• All of the big, noticeable nebula, stars, star clusters, etc that you see in the image are part of the LMC (other than a few bright Milky Way stars that are much closer than the LMC). Nothing really big and noticeable is wildly more distant than the LMC.
  • The LMC is close enough to be able to resolve individual stars from it, and if you zoom into various LMC regions so can see lots and lots of these--generally small like pinpricks.
TL;DR: It seems that you are looking mostly at objects that are part of the Large Magellanic Cloud (LMC), which is about 160,000 light years distant, with just a smattering of closer stars that are within the Milky Way proper and that are generally several hundred light years distant. There are probably some distant galaxies and such in there somewhere (millions to billions of light years distant) but they are small, dim, and pretty unnoticeable if they are present at all.

TL;DR was too long, too: Your looking at mostly LMC objects.
posted by flug at 11:13 PM on April 16 [1 favorite]


This is absolutely glorious, thank you.
posted by ZipRibbons at 12:24 AM on April 17


Sooo... no one else is getting a redirect to localhost on these links? (the http://www.cielaustral.com links) It's happened on my phone, in both Brave & Firefox, and now on the laptop, in Brave, FF, and Chrome. A few users on Imgur seem to be having the same issue, but... no one else here is? Weird.
posted by quinndexter at 12:46 AM on April 17


quinndexter - same here, I guess they just realised their server was getting hammered and did that for some quick mitigation.

content's been archived by the wayback machine, tho (a, b, c).
posted by russm at 1:43 AM on April 17 [2 favorites]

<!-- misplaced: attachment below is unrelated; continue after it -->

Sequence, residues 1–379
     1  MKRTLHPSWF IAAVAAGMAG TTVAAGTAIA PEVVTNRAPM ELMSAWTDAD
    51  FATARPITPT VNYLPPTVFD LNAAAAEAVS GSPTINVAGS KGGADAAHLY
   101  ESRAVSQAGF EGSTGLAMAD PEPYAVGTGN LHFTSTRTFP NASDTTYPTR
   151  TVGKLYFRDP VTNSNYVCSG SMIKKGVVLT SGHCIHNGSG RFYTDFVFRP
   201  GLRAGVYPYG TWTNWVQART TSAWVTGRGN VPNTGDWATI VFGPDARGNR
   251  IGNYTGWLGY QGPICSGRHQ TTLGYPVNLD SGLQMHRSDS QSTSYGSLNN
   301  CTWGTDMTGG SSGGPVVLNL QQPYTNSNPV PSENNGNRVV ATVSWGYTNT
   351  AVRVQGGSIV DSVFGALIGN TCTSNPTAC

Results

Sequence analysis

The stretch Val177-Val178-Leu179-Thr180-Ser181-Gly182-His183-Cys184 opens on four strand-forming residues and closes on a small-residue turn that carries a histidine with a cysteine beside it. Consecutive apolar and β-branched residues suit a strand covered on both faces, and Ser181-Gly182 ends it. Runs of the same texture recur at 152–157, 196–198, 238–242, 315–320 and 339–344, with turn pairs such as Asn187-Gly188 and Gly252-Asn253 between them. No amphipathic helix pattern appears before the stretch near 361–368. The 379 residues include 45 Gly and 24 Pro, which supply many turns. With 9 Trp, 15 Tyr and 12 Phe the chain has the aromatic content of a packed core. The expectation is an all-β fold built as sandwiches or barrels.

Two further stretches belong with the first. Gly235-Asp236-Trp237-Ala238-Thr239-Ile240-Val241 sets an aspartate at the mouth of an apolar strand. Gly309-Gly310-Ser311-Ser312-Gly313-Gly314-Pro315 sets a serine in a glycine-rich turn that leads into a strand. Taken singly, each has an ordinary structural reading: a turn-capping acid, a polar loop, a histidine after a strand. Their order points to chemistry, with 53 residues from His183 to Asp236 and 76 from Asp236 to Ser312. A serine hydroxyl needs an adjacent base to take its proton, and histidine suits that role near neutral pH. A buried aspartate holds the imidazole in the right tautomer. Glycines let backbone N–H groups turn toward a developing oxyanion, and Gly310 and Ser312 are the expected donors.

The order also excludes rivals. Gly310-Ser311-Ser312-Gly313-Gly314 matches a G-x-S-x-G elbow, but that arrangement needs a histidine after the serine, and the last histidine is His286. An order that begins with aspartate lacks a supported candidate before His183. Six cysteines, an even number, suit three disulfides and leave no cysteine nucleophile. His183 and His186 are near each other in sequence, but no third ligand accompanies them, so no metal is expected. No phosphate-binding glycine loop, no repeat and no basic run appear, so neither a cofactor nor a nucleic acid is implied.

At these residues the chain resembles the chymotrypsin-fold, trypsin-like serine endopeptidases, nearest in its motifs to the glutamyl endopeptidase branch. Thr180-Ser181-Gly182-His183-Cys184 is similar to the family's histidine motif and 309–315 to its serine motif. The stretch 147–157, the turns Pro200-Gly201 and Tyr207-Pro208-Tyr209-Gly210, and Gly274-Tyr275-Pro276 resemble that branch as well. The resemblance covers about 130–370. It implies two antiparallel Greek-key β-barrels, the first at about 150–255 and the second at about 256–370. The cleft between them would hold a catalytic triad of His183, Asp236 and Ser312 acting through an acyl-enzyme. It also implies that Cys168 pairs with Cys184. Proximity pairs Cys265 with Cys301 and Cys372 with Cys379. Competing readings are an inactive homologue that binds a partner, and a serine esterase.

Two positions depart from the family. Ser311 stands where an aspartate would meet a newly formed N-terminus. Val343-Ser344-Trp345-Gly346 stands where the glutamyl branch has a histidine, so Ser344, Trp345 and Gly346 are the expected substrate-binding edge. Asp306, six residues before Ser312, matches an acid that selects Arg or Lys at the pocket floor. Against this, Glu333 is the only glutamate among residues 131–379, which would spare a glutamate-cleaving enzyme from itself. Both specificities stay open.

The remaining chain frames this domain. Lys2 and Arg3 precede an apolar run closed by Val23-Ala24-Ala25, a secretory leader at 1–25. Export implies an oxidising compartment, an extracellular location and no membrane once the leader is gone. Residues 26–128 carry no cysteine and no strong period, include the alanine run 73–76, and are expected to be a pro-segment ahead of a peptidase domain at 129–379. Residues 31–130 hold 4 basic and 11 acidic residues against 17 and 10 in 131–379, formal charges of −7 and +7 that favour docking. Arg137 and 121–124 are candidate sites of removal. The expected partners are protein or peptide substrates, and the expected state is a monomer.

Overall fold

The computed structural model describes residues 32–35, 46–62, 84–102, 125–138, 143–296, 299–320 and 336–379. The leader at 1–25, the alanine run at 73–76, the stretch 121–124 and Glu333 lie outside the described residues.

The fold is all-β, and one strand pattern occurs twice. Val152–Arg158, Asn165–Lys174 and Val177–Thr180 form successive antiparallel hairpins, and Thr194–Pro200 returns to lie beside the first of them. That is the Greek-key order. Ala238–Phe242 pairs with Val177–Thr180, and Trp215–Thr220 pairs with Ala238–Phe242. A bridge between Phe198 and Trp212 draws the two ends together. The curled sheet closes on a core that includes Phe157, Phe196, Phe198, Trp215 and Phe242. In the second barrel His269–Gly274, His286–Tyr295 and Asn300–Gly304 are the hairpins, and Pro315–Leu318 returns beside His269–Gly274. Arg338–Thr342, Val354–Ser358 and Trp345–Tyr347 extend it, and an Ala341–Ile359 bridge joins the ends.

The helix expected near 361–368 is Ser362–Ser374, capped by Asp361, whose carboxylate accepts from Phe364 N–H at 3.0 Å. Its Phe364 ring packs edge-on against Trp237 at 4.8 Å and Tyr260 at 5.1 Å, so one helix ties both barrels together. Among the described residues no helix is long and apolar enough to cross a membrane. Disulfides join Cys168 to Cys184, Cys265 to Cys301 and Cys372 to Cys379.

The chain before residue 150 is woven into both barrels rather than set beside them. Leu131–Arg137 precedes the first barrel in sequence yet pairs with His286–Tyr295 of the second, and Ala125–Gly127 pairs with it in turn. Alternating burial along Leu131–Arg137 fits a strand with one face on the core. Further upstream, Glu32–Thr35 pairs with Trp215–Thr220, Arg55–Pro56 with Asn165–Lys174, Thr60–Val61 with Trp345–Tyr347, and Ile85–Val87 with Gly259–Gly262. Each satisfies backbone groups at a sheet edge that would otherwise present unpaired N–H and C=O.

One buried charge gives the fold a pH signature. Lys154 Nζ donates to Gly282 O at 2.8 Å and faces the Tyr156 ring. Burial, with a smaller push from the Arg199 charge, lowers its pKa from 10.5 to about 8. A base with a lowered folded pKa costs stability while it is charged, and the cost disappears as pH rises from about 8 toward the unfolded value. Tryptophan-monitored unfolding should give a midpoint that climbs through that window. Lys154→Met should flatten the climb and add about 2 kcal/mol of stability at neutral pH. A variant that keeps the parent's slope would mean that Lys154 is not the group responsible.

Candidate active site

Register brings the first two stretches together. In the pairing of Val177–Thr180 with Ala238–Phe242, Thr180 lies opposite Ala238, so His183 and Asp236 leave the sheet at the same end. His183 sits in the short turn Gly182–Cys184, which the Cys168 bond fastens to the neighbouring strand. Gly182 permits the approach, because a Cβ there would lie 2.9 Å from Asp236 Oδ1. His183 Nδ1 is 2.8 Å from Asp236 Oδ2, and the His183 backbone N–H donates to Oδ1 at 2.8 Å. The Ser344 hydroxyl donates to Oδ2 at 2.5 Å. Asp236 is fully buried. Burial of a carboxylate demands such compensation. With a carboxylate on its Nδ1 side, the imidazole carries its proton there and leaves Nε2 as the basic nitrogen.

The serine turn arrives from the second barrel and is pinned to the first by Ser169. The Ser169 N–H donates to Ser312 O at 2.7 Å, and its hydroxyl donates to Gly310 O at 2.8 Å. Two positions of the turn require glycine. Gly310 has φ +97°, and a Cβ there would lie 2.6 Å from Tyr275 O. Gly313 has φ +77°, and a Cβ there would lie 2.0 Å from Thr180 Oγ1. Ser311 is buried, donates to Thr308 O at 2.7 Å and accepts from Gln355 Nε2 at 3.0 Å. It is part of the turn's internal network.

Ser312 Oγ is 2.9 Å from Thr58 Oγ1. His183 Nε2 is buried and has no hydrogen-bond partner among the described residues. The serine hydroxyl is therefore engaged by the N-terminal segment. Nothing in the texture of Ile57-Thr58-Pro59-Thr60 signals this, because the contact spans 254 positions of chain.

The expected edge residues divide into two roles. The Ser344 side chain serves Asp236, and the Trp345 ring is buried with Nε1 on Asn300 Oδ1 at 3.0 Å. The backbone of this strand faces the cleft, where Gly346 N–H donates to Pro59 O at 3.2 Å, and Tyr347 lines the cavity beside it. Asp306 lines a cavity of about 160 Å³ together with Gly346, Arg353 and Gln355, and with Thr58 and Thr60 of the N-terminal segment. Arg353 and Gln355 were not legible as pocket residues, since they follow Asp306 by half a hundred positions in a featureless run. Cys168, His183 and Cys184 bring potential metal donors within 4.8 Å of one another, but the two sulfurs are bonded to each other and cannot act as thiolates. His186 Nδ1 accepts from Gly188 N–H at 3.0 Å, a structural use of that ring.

That makes sense. Thankyou russm!
posted by quinndexter at 2:26 AM on April 17


Anyhow, I'm now generating a bunch of random regions.

perl -e '
$x=3200;$y=1800;$ox=14400-$x;$oy=14200-$y;
for$i(0..99){
printf"convert -extract %dx%d+%d+%d %s foo%02d.jpg\n",
$x,$y,int(rand($ox)),int(rand($oy)),
"Downloads/photo95fb.jpg",$i;
}' | sh


On the feeble one-lunged laptop I'm using right now, after editing the ImageMagick config to make it work at all, convert is still very slow:
time convert -crop 1920x1080+300+300 large-magellanic-cloud.jpg im-lmc1.jpg

real    0m10.346s
user    0m5.396s
sys     0m2.600s
I have no desire to wait quarter of an hour for it to squeeze out a hundred of those, so I turned to ffmpeg instead:
n=100 w=1920 h=1080
split=split=$n crop= map=()
for ((i=0; i<n; i++))
do
    split+="[i$i]"
    crop+=";[i$i]crop=$w:$h:(iw-$w+1)*$RANDOM/32768:(ih-$h+1)*$RANDOM/32768[o$i]"
    map+=(-map "[o$i]" -q:v 2 "$(printf lmc_cropped_%03d.jpg $i)")
done
time ffmpeg -y -loglevel error -i large-magellanic-cloud.jpg -filter_complex "$split$crop" "${map[@]}"

real    0m27.617s
user    0m12.724s
sys     0m4.032s
which is not too shabby for a hundred crops on this box.
posted by flabdablet at 4:30 AM on April 17 [3 favorites]


Thanks for the breakdown, flug. So instead of looking through a bug spattered windshield at a bunch of clouds in the distance, the windshield is pretty clear, and (the analogy breaking down completely) the bugs are birds near the clouds.

I wanted a sense of scale, and I think I got it.
posted by seanmpuckett at 6:22 AM on April 17 [2 favorites]


Klapaucius screamed for the machine to stop. It did, but the damage was done. Up in the sky, especially, there were only a few, isolated points of light. Gone were the wonders that had been there before: the worches, the pritons, the gruncheons, the zits…
posted by otherchaz at 7:46 AM on April 17 [3 favorites]


Pretty sure I spotted at least three worches and what might be a gruncheon in those images. But I guess they might just be jpeg artifacts.
posted by flabdablet at 8:36 AM on April 17